Drugs & Alcohol: A Parent's Worse Nightmare

Get the facts about alcohol and drug use among today's teens.Could your child be at risk?
Scary Statistics
Teen boy in black visor

In 1997, one in ten 12- to 17-year-olds reported using marijuana or hashish in the prior month. One in 20 reported having used some other illicit drug, including cocaine, crack, heroin, or LSD. By the time our teens become seniors in high school, half will have tried an illegal drug.

The picture is even worse when it comes to alcohol use. In 1997, one out of every five 12- to 17-year-olds reported having used alcohol in the previous month. Nearly one in ten reported having engaged in binge drinking. Overall, 80 percent of high school seniors report having used alcohol.

The scary part (if these statistics aren't scary enough) is that the average age of first initiation in the use of alcohol has declined to about 15.7 years old, compared to 17.4 years in 1987. Similar declines are being seen in the average age at the first use of illicit drugs.

And the time between first initiation and the onset of problems is narrowing. In contrast, those who get through age 21 without using drugs or abusing alcohol are virtually certain never to do so.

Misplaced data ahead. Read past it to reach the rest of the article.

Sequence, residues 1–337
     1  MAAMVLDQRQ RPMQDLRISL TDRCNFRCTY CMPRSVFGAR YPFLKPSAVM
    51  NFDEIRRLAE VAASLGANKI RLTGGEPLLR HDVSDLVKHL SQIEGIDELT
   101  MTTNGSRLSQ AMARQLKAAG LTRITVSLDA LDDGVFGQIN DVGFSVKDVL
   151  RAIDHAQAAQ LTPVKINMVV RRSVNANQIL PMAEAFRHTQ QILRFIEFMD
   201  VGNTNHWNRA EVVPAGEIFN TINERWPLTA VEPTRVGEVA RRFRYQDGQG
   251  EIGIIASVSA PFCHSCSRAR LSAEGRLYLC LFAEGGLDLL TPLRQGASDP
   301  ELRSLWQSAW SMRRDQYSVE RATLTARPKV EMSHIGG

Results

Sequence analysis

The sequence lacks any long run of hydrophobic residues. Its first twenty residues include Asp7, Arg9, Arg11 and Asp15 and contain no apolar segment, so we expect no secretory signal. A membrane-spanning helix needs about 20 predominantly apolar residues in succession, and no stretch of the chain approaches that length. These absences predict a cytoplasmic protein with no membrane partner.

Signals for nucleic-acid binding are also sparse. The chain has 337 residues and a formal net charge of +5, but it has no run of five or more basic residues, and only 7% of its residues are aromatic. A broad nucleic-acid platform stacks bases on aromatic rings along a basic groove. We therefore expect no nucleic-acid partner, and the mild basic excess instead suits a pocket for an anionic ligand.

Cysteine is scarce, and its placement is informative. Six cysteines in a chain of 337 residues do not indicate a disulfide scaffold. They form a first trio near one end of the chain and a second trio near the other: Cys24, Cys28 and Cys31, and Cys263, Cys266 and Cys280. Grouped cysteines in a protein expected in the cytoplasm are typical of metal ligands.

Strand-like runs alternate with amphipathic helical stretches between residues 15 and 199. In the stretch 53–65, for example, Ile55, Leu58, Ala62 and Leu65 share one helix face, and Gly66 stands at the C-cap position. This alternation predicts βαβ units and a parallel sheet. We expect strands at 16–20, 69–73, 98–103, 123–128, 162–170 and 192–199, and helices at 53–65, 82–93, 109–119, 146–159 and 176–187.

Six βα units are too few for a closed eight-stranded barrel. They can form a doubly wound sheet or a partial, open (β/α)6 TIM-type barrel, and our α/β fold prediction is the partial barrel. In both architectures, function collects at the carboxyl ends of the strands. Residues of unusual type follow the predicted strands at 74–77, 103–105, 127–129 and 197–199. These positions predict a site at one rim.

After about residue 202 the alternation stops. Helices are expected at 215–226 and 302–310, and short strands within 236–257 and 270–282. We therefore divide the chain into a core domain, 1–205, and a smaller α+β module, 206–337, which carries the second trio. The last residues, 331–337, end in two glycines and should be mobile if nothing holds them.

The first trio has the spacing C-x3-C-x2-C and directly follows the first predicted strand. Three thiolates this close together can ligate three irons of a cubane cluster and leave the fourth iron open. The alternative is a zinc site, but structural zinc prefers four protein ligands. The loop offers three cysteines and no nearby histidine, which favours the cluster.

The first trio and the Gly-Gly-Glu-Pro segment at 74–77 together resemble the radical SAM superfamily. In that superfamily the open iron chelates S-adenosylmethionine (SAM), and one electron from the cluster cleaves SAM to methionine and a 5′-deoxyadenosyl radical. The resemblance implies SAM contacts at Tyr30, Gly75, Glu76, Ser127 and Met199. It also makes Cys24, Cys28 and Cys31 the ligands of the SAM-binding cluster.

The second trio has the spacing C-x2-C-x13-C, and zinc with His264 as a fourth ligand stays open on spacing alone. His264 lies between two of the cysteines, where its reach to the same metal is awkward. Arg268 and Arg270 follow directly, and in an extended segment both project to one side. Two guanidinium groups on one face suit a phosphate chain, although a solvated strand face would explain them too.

Cause for Concern

Although most publicity is given to the detrimental and widespread use of illicit drugs, alcohol use exacts the greatest toll on our teens. Motor vehicle accidents, the majority of which involve alcohol use, kill more teenagers than any other single cause of death. In fact, the most likely cause of death for a 16-year-old is alcohol-related.

Compared to teens who don't drink alcohol, teens who do drink are more likely to:

  • Have poor school performance
  • Drop out of high school
  • Experience depression
  • Engage in early and promiscuous sexual activity
  • Have troubled peer relationships

So don't be misled into believing that the use of alcohol or illicit drugs is only a reflection of adolescent angst. The danger is real.

Teens get involved with alcohol and illegal drugs in a number of ways, but the biggest risk factors for adolescent substance abuse include:

  • Being part of a peer group that drinks and does drugs
  • Depression
  • Older siblings who use alcohol and drugs, and encourage their use
  • Academic failure
  • Poor parental monitoring
  • Permissive parental attitudes about adolescents' use of alcohol and illicit drugs

Continued on page 2:  Protective Measures